If "the United States" is translated to "Vereinigte Staaten" then how do you call people from there?
I have always heard "Amerikaner" but that one refers to the whole continent.
In Germany it is exactly the same as in the United States:
literally translates to
Only if we need to further specify where a person lives we could also say:
A short form frequently used in colloquial German is
that has the connotation of a friend from French "ami".
Note that in Germany we do not use "U.S." for the United States (it is "USA"). Still we do say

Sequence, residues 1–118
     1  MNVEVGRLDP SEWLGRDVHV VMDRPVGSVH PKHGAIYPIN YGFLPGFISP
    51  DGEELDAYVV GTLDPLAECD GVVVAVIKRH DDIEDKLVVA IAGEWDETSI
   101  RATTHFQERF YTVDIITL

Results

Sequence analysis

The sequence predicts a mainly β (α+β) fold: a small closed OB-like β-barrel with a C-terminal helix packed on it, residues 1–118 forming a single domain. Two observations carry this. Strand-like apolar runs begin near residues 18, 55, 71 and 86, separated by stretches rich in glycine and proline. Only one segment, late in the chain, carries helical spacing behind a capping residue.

It depends on the context. Normally an
If you have a situation where you want to make it absolutly clear, you can say
In a bakery, an
In Germany we use
Thus, the inhabitants of the country are called
Yes we would say US-Bürger (US-citizen) or US-Amerikaner (US-American), as said above.
But often we would just use Ami or Amis (Plural).
Just to clarify, even though it is spelled like the French ami there is no connection. "Ami" is informal and has, contrary to what was says above, no positive connotations. Few would honestly say "Sche%ß US-Bürger" (fu%king US- Citizen) , most likely they would say "Sche%ß Ami" (Fu%king Ami). "Ami" could be called the less offensive German version of the American offensive slang for Japanese --> "Jap".